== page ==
The Little Boat Project
The little boat project is a challenge that the Bio-Reserve has undertaken to design, build and sail the worlds smallest sailboat across the Atlantic Ocean. This is not a stunt, but a challenge in engineering and design that we can physically bring into classrooms to show the importance of mathematics and critical thinking. Through the connections that the Bio-Reserve has to local schools and education centers we think this will be a spectacular and exciting example of the power of experience based STEM programs to students and teachers alike.
Math problems presented to students in school typically lack context or practical use in the eyes of the learners. We are seeking to take this abstract discipline and bring it and our students into the real world together. Complicated math problems and concepts become much less daunting when students know WHY they are trying to solve them. Through the examples our project has to offer we can challenge students to create their own boat (on paper or in models) and see how it compares to the one we have actually built and sailed. They get to partake in the excitement of the challenge and the adventure of the sail. The practical necessity of calculating the buoyancy of a complex shape becomes apparent when you are considering things like food and supplies that need to be packed in the boat for a trip of 3 to 4 months at sea. With this project we are seeking an exciting way to focus students attention on some rather complex math, design and planning that they will be excited to tackle. Thinking critically about what supplies are important, necessary, and frivolous becomes essential and easy when looking at a boat that is only 42 inches long (three and a half feet).
We are also trying to promote good problem solving techniques. When presented with a problem or a function that your design has to over come or accomplish (i.e. we want to cross an ocean in a 3.5 foot boat) it is easy to be overcome with options and ideas. Students often become stalled by the apparent enormity of beginning a complicated project. “Where do I start?” “What is important?” What our student designers have to remember is that ALL you machine or design has to do is accomplish the one thing it was meant to do: safely sail across and ocean and be 3.5 feet long. This seems obvious, but projects can quickly become daunting when they are allowed to get to complicated. It doesn’t have to do anything else well. With this project we have stacked ever other part of the project in our favor. We are going east to west in the trade winds, we are taking a safer, calmer, and more comfortable southern route. The boat was not designed to be nimble and quick, but rather it was designed to be stable and strong. We don’t need to go fast, just make it there safely. All of these concepts are built into this challenge in a way that will benefit the future design and problem solving careers of our students.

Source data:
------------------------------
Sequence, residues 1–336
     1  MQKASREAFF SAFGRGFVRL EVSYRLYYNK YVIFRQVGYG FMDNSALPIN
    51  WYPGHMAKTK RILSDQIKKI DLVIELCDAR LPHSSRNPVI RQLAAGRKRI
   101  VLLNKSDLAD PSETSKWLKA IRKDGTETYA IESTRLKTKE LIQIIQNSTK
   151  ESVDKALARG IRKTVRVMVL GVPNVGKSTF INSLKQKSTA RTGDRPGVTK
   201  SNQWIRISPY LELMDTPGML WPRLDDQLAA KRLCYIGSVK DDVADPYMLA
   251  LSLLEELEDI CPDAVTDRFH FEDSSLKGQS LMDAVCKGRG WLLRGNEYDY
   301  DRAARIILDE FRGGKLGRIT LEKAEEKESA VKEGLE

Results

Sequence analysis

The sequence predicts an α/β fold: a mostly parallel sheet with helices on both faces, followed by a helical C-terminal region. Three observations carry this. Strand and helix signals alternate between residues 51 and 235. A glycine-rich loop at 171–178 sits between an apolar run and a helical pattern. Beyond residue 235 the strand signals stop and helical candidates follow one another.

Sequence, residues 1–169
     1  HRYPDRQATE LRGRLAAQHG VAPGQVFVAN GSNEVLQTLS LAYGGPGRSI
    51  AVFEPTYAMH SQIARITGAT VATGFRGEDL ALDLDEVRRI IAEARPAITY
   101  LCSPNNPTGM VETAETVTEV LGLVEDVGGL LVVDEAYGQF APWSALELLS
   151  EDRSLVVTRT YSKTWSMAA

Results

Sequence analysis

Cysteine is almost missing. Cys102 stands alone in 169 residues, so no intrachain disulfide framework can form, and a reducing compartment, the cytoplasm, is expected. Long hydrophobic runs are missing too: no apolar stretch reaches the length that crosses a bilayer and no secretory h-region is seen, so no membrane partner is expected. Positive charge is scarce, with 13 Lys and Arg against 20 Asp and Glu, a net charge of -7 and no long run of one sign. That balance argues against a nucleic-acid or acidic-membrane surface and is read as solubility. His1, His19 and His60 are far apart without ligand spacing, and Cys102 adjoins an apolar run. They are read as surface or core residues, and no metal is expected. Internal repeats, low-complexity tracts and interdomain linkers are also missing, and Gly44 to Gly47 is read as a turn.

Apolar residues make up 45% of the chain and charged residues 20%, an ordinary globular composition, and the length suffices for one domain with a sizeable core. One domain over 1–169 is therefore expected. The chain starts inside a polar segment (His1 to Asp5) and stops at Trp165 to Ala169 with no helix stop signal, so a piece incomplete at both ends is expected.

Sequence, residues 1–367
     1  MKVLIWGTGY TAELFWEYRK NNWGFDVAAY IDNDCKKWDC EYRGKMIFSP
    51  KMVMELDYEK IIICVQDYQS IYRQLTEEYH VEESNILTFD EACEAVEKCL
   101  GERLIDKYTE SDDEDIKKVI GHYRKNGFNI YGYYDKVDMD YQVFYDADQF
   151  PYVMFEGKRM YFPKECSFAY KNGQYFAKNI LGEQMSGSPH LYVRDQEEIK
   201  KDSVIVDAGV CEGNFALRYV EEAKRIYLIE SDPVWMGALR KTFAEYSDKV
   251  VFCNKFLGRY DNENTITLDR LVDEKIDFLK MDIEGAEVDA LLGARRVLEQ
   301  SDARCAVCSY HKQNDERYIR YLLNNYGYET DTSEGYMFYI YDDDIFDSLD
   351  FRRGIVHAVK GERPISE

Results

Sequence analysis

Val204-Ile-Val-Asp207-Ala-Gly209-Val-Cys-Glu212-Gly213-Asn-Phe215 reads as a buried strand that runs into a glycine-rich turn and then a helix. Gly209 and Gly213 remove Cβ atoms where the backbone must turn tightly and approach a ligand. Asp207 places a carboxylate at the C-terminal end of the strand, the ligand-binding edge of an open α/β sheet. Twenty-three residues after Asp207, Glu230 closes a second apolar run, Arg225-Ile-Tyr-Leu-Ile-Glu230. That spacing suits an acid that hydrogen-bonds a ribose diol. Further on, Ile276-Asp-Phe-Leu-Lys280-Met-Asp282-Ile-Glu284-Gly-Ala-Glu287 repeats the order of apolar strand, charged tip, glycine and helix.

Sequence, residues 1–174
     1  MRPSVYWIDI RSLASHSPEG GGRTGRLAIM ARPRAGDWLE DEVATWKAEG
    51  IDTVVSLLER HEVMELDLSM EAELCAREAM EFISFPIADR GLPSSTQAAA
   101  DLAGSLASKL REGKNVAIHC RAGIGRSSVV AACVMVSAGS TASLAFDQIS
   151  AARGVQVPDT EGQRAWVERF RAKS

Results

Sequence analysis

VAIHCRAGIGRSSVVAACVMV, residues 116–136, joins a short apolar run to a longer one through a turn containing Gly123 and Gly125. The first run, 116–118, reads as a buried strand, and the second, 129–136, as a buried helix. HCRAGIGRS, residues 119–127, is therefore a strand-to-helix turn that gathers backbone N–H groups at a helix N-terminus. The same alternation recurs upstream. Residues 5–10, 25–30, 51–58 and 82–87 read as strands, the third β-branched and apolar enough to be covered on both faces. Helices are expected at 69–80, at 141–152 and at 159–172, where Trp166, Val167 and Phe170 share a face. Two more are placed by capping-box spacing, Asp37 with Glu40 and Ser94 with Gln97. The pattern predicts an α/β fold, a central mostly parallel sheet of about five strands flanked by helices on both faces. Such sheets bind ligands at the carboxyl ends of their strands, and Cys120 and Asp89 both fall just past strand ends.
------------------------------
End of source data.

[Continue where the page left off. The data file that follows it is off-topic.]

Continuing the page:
We want to illustrate to students that in the real world they do not need to have every math equation memorized. What they will need to do as engineers and designers and functioning adults going to a hardware store is to be able to know WHAT equations to look up. WHERE to look them up. HOW and WHY to apply them. The problem solving aspect of this project is obvious and the adventure is exciting enough to hold the attention of everyone. We are working to break the current world record, set in 1993 of 5 feet 4 inches with a 3 foot 6 inch boat, not to show how tough we are, but to show how clever we can be with just a little math and engineering. We are demonstrating that with patience and effort, and a will to achieve something that appears to be impossible, anyone can design the right answer to make it perfectly possible.